Industries

Main industries

1
Electricity, Gas, Water and Waste Services
55.2%
2
Public Administration and Safety
27.6%
3
Administrative and Support Services
10.3%
4
Other Services
3.4%

Regions

Employment across Australia

NSW

36.4% All occupations: 31.6%

VIC

23.2% All occupations: 25.6%

QLD

15.8% All occupations: 20.0%

SA

6.6% All occupations: 7.0%

WA

10.0% All occupations: 10.8%

TAS

1.8% All occupations: 2.0%

NT

4.9% All occupations: 1.0%

ACT

1.2% All occupations: 1.9%

Employment by State and Territory (% Share)

State Recycling and Rubbish Collectors All Jobs Average
NSW 36.4 31.6
VIC 23.2 25.6
QLD 15.8 20.0
SA 6.6 7.0
WA 10.0 10.8
TAS 1.8 2.0
NT 4.9 1.0
ACT 1.2 1.9



Worker profile

Age and gender

Age In Years
46
All Jobs Average is 40
Female Share
6%
All Jobs Average is 48%
  • The median age of Recycling and Rubbish Collectors is 46 years. This is higher than the all jobs average of 40 years.

    A large share of workers are aged 45 to 54 years.

    Females make up 6% of the workforce. This is 42 percentage points below the all jobs average of 48%.

    Source: Based on ABS Census 2016, Customised Report. Age profile and gender share compared to the all jobs average.

Age Profile (% Share)

Source: Based on ABS Census 2016, Customised Report. Age profile of workers in this job compared to the all jobs average.
Age Bracket Recycling and Rubbish Collectors All Jobs Average
15-19 3.4 5.0
20-24 8.5 9.3
25-34 16.7 22.9
35-44 17.9 22.0
45-54 27.2 21.6
55-59 12.2 9.0
60-64 8.4 6.0
65 and Over 5.7 4.2
Median Age 46 40

Source: Based on ABS Census 2016, Customised Report. Age profile of workers in this job compared to the all jobs average.


Employment Pathways

Education, training and experience

Formal qualifications are not essential to work as a Recycling or Rubbish Collector. Although some workers have a certificate II or III in waste management or waste driving operations.

Visit

  • My Skills to compare Vocational Education and Training (VET) courses, providers and student outcomes.
  • AAPathways website to explore Property Services VET training pathways.

Highest Level of Education (% Share)

Source: ABS Census 2016, Customised Report. Highest qualification completed by workers in this job (in any field of study). Qualifications needed by new workers might be different from the qualifications of workers already in the job.
Type of Qualification Recycling and Rubbish Collectors All Jobs Average
Post Graduate/Graduate Diploma or Graduate Certificate 0.3 10.1
Bachelor degree 3.3 21.8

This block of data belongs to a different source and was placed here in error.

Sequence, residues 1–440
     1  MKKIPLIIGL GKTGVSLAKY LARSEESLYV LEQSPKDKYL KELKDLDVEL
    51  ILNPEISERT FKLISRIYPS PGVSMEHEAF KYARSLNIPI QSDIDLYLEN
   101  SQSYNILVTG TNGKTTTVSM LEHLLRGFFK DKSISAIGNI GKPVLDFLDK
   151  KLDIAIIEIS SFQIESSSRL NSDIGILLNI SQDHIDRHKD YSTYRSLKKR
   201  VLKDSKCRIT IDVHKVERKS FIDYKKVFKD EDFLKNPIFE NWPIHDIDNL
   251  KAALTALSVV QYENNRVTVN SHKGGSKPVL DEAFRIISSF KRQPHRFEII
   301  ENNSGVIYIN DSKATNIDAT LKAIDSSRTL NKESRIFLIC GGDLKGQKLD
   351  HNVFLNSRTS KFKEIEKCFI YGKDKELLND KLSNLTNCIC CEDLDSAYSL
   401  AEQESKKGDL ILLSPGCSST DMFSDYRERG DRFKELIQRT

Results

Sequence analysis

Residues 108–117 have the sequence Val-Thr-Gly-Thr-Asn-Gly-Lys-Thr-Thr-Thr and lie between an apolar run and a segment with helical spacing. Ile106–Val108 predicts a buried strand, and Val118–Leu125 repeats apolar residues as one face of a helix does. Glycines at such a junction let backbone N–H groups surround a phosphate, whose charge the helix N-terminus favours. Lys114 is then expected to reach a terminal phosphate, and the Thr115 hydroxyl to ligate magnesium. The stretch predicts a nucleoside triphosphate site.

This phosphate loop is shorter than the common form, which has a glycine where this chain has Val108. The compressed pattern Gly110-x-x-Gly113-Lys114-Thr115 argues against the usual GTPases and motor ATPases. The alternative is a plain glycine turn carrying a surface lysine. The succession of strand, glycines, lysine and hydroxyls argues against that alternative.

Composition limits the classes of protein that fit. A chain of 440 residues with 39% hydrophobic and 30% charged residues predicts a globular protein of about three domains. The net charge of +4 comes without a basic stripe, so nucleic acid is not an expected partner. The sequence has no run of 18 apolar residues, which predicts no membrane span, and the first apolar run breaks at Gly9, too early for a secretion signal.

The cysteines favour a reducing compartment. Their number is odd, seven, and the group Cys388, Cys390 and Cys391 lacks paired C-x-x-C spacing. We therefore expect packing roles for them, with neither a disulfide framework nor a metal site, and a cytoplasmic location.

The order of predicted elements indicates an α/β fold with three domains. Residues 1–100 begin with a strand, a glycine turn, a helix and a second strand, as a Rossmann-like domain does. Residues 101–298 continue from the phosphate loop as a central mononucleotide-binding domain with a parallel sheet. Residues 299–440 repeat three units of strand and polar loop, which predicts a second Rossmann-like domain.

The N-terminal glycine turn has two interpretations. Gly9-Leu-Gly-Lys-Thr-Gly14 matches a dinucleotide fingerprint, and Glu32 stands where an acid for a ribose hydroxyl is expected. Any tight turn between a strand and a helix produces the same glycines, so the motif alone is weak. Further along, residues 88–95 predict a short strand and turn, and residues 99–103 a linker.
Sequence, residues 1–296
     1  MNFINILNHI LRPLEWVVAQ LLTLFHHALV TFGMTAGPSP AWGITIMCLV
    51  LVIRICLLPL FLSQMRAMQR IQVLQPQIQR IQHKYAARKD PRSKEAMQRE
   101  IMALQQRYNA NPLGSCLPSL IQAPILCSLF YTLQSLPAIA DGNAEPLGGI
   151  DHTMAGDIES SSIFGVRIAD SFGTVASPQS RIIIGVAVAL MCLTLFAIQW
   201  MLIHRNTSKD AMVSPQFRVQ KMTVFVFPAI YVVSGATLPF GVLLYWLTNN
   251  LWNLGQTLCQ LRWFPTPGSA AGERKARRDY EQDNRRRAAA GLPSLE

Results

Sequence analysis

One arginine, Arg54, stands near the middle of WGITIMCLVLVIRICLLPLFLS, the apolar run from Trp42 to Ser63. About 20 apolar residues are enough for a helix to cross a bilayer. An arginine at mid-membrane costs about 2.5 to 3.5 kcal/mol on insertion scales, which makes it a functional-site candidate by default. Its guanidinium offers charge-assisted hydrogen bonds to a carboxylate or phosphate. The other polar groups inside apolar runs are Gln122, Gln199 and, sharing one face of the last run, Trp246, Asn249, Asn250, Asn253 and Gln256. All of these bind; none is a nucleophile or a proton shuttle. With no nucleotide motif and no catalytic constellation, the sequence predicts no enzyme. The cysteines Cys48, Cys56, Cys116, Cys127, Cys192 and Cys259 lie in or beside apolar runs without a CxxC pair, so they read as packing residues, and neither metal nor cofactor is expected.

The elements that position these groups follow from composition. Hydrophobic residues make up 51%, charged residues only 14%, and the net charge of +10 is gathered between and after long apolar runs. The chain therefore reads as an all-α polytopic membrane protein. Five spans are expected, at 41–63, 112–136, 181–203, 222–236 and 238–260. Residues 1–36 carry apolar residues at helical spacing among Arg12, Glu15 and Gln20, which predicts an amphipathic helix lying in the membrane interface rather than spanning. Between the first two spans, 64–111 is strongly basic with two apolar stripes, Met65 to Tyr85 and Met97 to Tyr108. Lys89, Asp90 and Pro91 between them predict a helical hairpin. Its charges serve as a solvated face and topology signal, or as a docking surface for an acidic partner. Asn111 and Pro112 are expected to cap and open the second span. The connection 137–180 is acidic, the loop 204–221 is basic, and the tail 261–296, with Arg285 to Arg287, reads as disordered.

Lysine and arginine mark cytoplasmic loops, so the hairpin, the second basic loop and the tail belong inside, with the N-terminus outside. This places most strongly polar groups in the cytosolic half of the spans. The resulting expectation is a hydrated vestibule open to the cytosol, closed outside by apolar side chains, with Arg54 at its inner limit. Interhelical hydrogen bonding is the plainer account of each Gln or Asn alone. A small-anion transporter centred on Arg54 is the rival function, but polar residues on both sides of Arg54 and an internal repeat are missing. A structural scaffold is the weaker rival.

Advanced Diploma/Diploma 4.7 11.6
Certificate III/IV 26.2 21.1
Year 12 20.3 18.1
Year 11 8.3 4.8
Year 10 and below 37.0 12.5

Source: ABS Census 2016, Customised Report. Highest qualification completed by workers in this job (in any field of study). Qualifications needed by new workers might be different from the qualifications of workers already in the job.


Skills and Knowledge

Employers look for Recycling and Rubbish Collectors who are reliable and work well as part of a team.

Skills

Skills can be improved through training or experience.

  • 43%

    Critical thinking

    Thinking about the pros and cons of different ways to solve a problem.

  • 41%

    Operation and control

    Controlling equipment or systems.

  • 41%

    Operation monitoring

    Watching gauges, dials, or other indicators to make sure a machine is working properly.

  • 39%

    Coordination with others

    Being adaptable and coordinating work with other people.

  • 39%

    Time management

    Managing your own and other peoples' time to get work done.

  • 37%

    Active listening

    Listening to others, not interrupting, and asking good questions.

  • 34%

    Reading comprehension

    Reading work related information.

  • 34%

    Writing

    Writing things for co-workers or customers.

  • 32%

    Monitoring

    Keeping track of how well work is progressing so you can make changes or improvements.

  • 32%

    Quality control analysis

    Doing tests and checking products, services, or processes to make sure they are working properly.

  • 32%

    Social perceptiveness

    Understanding why people react the way they do.

  • 32%

    Speaking

    Talking to others.

  • 30%

    Complex problem solving

    Noticing a problem and figuring out the best way to solve it.

  • 30%

    Equipment maintenance